FALCON 9 FACT SHEET
By Cliff Lethbridge
Falcon 9 Original Version Launch, Photo Courtesy SpaceX
Classification: Space Launch Vehicle
Length: 180 feet
Diameter: 12 feet
Date of First Cape Canaveral Launch: June 4, 2010
Date of Final Cape Canaveral Launch: Active
Number of Cape Canaveral Launches: Active
Falcon 9 is a two-stage, liquid oxygen and RP-1 (kerosene) powered rocket manufactured by Space Exploration Technologies Corporation (SpaceX). The Falcon 9 first stage is powered by nine Merlin engines, each capable of producing an initial thrust of 125,000 pounds. This combination provided a total liftoff thrust of about 1.1 million pounds. The Falcon 9 second stage is powered by a single Merlin engine, capable of producing an initial thrust of 125,000 pounds. The Falcon 9 as introduced was capable of carrying a 23,050-pound payload to Low-Earth Orbit, or a 10,000-pound payload to Geosynchronous Transfer Orbit. Of particular importance to NASA is the SpaceX-designed and built Dragon and Crew Dragon space capsules, which are intended to carry supplies and astronauts to the International Space Station.
FALCON 9 VERSION 1.1
Falcon 9 Version 1.1 On Launch Pad, Photo Courtesy SpaceX
Length: 224.4 Feet
Diameter: 12 Feet
In 2013, SpaceX introduced an improved version of the Falcon 9 designated Falcon 9 Version 1.1 which vastly improved performance over the Falcon 9 as initially introduced. Among other improvements, Falcon 9 Version 1.1 featured improved Merlin engines, stretched fuel tanks and the ability to carry either a Dragon or Crew Dragon capsule or composite payload fairing. The Falcon 9 Version 1.1 first stage burned liquid oxygen and RP-1 liquid fuel and was comprised of nine Merlin engines. Total thrust at liftoff is approximately 1.323 million pounds. The first stage burned for about 180 seconds after launch. The entire first stage array was designed to be recovered on a barge at sea or on land, refurbished and re-flown. The Falcon 9 Version 1.1 second stage was comprised of a single Merlin engine capable of producing a thrust of 180,000 pounds. The second stage burned for about 375 seconds after ignition and could be restarted multiple times as needed. The pressurized Dragon capsule measures 23.6 feet high by 12 feet wide and is designed to carry cargo and astronauts to the International Space Station. The composite payload fairing measures 43 feet high by 17.1 feet wide. The rocket could carry a maximum 28,991-pound payload to Low-Earth Orbit or a maximum 10,692-pound payload to Geosynchronous Transfer Orbit.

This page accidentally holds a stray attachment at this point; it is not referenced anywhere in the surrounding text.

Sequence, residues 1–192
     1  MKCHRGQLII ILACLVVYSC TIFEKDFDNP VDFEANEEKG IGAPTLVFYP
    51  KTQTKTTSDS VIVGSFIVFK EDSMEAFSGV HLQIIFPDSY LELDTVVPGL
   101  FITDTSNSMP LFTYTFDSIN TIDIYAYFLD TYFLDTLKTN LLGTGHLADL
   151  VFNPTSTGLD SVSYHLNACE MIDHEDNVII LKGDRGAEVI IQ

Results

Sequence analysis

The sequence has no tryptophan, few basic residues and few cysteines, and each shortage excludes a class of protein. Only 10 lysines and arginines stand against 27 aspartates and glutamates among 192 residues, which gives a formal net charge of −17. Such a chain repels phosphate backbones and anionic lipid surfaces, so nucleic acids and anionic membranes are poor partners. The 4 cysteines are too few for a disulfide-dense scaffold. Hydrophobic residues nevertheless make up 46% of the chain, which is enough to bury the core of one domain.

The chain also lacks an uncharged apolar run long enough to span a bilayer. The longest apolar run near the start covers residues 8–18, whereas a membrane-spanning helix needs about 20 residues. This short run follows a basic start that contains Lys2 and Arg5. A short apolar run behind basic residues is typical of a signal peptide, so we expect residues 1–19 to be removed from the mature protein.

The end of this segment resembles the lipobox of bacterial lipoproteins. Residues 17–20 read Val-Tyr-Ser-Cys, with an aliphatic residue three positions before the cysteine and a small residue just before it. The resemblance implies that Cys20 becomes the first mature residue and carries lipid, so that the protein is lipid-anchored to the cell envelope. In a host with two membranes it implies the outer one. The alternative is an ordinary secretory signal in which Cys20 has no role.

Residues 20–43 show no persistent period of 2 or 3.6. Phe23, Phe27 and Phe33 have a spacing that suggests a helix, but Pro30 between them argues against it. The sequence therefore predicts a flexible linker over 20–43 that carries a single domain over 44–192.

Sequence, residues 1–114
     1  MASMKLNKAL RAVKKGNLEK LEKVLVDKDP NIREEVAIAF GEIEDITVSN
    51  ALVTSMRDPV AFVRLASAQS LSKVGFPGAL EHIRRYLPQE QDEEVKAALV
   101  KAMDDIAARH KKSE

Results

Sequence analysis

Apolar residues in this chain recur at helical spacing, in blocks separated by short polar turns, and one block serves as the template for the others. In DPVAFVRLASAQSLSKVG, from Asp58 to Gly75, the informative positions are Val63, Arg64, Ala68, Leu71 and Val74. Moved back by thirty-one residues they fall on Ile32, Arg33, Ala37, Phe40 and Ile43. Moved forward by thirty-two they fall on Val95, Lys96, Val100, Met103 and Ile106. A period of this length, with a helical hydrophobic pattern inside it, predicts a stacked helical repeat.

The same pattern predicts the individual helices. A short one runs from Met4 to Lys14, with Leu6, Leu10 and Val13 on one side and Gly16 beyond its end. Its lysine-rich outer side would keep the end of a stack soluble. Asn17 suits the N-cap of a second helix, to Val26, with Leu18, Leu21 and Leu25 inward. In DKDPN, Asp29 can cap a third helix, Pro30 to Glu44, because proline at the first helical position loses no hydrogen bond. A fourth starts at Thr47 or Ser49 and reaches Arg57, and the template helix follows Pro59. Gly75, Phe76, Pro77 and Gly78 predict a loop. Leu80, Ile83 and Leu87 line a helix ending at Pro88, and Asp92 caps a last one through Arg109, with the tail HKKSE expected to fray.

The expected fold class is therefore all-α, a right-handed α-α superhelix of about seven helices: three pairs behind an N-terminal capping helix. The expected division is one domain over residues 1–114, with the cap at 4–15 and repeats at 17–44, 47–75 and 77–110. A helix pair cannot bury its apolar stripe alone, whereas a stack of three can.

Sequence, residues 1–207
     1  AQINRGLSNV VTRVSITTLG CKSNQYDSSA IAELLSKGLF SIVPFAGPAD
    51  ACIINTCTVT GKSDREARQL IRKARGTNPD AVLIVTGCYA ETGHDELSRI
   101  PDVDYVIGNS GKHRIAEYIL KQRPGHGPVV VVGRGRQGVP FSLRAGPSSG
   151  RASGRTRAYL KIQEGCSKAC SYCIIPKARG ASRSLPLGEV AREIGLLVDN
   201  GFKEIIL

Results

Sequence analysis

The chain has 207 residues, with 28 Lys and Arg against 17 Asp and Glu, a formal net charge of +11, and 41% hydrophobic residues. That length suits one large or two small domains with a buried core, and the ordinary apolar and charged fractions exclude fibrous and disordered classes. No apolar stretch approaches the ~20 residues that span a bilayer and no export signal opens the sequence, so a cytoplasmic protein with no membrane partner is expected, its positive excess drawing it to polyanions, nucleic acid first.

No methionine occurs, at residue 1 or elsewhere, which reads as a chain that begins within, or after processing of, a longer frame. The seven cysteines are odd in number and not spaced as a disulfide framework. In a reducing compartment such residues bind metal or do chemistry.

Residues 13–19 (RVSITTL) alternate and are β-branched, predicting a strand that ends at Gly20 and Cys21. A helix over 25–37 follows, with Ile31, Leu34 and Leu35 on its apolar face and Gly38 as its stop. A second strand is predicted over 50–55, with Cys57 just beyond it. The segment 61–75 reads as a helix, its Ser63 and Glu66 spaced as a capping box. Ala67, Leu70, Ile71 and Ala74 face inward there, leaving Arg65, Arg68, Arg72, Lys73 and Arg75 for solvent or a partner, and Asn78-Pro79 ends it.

FALCON 9 FULL THRUST (BLOCK 5) VERSION
Falcon 9 Full Thrust (Block 5) Launch, Photo Courtesy SpaceX
Length: 229.6 feet
Diameter: 12 feet
The Falcon 9 Full Thrust Version (Block 5) is currently in use. The vehicle employs liquid oxygen that is super cold, nearly at its freezing point. The use of this denser fuel coupled with an extended fuel tank allows more fuel to be loaded into the rocket, increasing liftoff thrust and burn time. First stage thrust is increased to 1.71 million pounds at liftoff. Second stage thrust is 210,000 pounds. The rocket is designed to fly up to ten times without refurbishing and up to 100 times with periodic refurbishing. The vehicle is capable of carrying a 50,265-pound payload to Low-Earth Orbit, an 18,300-pound payload to Geosynchronous Transfer Orbit or an 8,860-pound payload on a Mars trajectory. The Falcon 9 program to date has achieved several milestones, including landing a first stage booster on a barge at sea and on land, as well as successfully re-flying a flown orbital class booster.